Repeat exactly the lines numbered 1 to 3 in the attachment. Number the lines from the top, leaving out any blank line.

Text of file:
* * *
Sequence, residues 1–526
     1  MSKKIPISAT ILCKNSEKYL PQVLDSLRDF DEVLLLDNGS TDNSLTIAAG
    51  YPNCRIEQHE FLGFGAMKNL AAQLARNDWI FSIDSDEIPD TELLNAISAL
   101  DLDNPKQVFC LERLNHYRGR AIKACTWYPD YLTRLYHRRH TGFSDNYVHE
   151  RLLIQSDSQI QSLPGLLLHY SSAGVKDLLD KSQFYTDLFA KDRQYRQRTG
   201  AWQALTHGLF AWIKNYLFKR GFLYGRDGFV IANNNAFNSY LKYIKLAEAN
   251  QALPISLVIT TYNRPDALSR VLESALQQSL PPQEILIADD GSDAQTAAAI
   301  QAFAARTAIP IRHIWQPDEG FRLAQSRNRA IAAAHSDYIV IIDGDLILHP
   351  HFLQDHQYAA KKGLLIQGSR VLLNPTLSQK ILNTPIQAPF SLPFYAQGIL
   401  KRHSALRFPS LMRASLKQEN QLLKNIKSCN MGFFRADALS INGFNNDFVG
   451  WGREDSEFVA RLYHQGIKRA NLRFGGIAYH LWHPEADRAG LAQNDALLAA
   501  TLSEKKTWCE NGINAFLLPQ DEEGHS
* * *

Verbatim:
Sequence, residues 1–526
     1  MSKKIPISAT ILCKNSEKYL PQVLDSLRDF DEVLLLDNGS TDNSLTIAAG
    51  YPNCRIEQHE FLGFGAMKNL AAQLARNDWI FSIDSDEIPD TELLNAISAL